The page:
College of Liberal Arts and Sciences
Department of Math & Actuarial Science

Undergraduate Research Opportunities

Research Opportunities for undergraduates include the Research Experience for Undergraduates and the Butler Summer Institute. Detailed information is listed below for each of these.

Additional information regarding the research opportunities provided at Butler University is available on the CHASE (Center for High Achievement & Scholarly Engagement) website.  Just click on the drop-down menu labeled "Undergraduate Research." 

Butler Mathematics Research Camp

  • What is it? The Research camp is a focused research experience for mathematics and actuarial science majors. Majors who have taken MA 215 (Linear Algebra) are eligible, and prior research experience is not required.  
  • The camp is ideal for students who want a dedicated, focused research experience in mathematics that could lead to further research study, either continued informal work with a faculty member, a topic for the student to use in MA 490 Senior Seminar, a future research question, or an honors thesis or a BSI (Butler Summer Institute) research project.  The research camp could also help students decide if graduate studies in the matheamtical sciences should be part of their future plans.
  • How does it work? The camp will take place from Monday, August 11 to Monday, August 18. (Students can arrive on campus to check into their residence halls between 8:30 and 10 AM on Monday the 11th.)  The "Butler Research Faculty" will direct the camp.  The group includes Drs. Johnston, Sharma, Wahl, Webster, and Wilson.  The department pays all room expenses and provides students with work areas in Jordan Hall.  At least one meal each day, along with refreshments during the workday, will be provided.  Students will be responsible for any other meals; they will have opportunities to decide to eat on or off campus as they please.
  • What's in it for me? Each day of camp will be filled with mathematics:presented by the faculty; worked on individually with faculty members;worked on by students in their own individual research of reading materials and formulation of questions;and worked on in "research proof sessions." We expect to start each day at 9 AM, and there will be research activities until 5 PM. Every camper will be responsible for participating at each event.  Several nights will have planned social activities, such as eating dinner together or going to a move, and of course there will be appropriate "down time" to relax and regroup.  In short, the campers should expect to have an immersion experience in research mathematics!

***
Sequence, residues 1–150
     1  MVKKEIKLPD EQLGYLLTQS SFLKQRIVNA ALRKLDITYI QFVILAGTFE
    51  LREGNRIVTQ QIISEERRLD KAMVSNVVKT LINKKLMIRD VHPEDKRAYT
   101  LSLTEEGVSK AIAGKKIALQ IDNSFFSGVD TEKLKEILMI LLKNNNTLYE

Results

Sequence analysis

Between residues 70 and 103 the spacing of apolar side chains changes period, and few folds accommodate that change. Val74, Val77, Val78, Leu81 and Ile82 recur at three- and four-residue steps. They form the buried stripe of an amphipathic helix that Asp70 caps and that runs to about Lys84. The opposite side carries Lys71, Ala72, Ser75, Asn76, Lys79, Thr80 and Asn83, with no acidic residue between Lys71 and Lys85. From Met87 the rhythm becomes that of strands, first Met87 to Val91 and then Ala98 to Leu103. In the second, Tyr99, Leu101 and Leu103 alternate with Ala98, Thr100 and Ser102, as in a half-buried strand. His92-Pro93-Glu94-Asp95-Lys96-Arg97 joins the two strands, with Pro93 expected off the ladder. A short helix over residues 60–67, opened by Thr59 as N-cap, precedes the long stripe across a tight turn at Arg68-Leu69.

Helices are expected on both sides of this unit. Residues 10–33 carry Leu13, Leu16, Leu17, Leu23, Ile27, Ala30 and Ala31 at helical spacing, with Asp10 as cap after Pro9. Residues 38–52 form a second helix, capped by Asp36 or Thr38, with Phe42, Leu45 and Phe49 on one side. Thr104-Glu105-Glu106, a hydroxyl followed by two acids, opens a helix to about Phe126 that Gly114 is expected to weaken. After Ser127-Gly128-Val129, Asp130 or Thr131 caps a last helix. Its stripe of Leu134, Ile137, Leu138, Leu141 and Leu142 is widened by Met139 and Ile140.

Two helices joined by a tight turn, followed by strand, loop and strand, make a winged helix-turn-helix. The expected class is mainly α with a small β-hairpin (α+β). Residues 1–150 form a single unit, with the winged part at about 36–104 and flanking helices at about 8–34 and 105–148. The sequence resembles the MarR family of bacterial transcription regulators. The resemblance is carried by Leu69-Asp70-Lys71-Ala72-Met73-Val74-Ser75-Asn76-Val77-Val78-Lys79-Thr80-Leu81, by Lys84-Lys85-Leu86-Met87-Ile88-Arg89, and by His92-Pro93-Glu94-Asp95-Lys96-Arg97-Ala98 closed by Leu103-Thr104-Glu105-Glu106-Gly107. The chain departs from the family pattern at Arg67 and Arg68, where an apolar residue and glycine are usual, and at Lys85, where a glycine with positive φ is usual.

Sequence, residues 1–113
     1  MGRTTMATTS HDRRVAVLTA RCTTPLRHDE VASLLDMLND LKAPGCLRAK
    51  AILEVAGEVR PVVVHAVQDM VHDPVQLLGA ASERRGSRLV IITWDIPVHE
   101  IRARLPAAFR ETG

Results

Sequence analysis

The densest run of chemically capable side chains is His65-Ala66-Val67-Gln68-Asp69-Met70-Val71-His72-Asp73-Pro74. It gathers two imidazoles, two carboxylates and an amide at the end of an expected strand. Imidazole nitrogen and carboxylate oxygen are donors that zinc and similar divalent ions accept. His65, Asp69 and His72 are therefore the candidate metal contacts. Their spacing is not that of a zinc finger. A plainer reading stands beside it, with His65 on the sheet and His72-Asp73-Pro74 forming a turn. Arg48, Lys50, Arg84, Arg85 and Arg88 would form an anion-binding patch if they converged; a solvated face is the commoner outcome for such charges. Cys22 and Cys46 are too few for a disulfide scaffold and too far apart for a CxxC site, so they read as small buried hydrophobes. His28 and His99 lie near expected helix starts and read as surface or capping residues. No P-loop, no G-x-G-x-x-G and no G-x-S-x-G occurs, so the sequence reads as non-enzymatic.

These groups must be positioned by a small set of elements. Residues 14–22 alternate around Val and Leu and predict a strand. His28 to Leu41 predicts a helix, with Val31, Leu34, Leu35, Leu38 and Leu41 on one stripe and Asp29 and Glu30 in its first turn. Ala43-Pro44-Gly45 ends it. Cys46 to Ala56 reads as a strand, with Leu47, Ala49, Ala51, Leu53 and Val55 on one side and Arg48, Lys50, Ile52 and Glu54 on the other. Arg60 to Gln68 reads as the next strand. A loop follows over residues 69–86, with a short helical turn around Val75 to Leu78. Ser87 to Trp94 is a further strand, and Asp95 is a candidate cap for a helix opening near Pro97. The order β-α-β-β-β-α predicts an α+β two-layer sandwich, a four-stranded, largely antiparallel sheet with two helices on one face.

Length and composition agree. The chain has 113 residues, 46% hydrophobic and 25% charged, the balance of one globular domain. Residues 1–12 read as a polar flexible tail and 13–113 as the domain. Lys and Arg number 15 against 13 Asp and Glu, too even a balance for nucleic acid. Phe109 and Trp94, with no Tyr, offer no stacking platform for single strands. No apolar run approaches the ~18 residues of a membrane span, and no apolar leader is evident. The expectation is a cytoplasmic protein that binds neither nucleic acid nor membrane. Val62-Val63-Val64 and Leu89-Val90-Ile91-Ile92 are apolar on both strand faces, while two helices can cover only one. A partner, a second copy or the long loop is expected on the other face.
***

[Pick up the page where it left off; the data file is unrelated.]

• How can I find out more?  Interested students should talk to a member of the Research Faculty or to Mrs. Duerksen to pick up a short application form with a required essay.  The department hopes that all interested students may be able to participate, but limited resources might require a selection process, based on levels of commitment, seniority, experience, and grades.

BSI - Butler Summer Institute

  • What is it? The acronym stands for the Butler Summer Institute, a program funded by Butler to provide an opportunity for summer research for Butler students.
  • How does it work? BSI runs for 8 weeks during the summer, selects applicants competitively from all disciplines, and offers a student stipend of $2000 (to compensate for not having a summer job) as well as housing in Resco. Students work on a project under the guidance of a faculty member. See the BSI web site for more information.
  • What's in it for me? Besides the stipend (always nice), it's a chance to see what professional mathematicians really do (no, we really do more than teach calculus, etc.), to work one-on-one with a Butler faculty member, to build a resume for graduate school (gives you an edge in admissions) or employment, to present your work at a professional meeting, and to have fun with some other Butler students who are in the program. Typically there are numerous social events held in conjunction with the program.

REU - Research Experience for Undergraduates

  • What is it? The acronym stands for Research Experiences for Undergraduates, a program funded by the National Science Foundation to encourage budding mathematicians and to provide opportunities for summer enrichment. There are about 30 different sites, i.e., colleges or universities, which run these programs.
  • How does it work? A typical REU program runs for 6-8 weeks during the summer, selects applicants competitively, and offers a student stipend of $2000-$3500 (to compensate for not having a summer job) as well as housing on the campus. Students usually work together on a project under the guidance of a faculty member. Each site has its own set of topics, some suitable for students who have completed the calculus sequence and perhaps one or two more courses and others suitable for students who have completed several higher-level mathematics courses. The National Science Foundation website contains information for students searching for an REU opportunity.  
  • What's in it for me? Besides the stipend (always nice), it's a chance to see what professional mathematicians really do (no, we really do more than teach calculus, etc.), to build a resume for graduate school (gives you an edge in admissions) or employment (employers LOVE group work), to present your work at a professional meeting (and maybe win a $100 prize!), and to have fun with some other undergraduates who like mathematics. Typically there are numerous social events held in conjunction with the program.
  • How can I find out more? Talk to Dr. Johnston and/or see the NSF Specialized Information page and start applying!